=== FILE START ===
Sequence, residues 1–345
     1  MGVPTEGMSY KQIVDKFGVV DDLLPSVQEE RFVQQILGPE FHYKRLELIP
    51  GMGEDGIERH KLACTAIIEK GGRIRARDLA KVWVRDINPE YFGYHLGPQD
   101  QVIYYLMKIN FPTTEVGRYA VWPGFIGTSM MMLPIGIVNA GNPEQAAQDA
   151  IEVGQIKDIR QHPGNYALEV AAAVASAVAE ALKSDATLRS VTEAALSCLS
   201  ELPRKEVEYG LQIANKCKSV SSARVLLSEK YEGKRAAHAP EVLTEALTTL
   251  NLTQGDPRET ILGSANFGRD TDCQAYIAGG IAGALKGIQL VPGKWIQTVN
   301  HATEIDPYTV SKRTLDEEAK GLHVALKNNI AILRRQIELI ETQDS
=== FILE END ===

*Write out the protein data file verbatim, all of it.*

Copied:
Sequence, residues 1–345
     1  MGVPTEGMSY KQIVDKFGVV DDLLPSVQEE RFVQQILGPE FHYKRLELIP
    51  GMGEDGIERH KLACTAIIEK GGRIRARDLA KVWVRDINPE YFGYHLGPQD
   101  QVIYYLMKIN FPTTEVGRYA VWPGFIGTSM MMLPIGIVNA GNPEQAAQDA
   151  IEVGQIKDIR QHPGNYALEV AAAVASAVAE ALKSDATLRS VTEAALSCLS
   201  ELPRKEVEYG LQIANKCKSV SSARVLLSEK YEGKRAAHAP EVLTEALTTL
   251  NLTQGDPRET ILGSANFGRD TDCQAYIAGG IAGALKGIQL VPGKWIQTVN
   301  HATEIDPYTV SKRTLDEEAK GLHVALKNNI AILRRQIELI ETQDS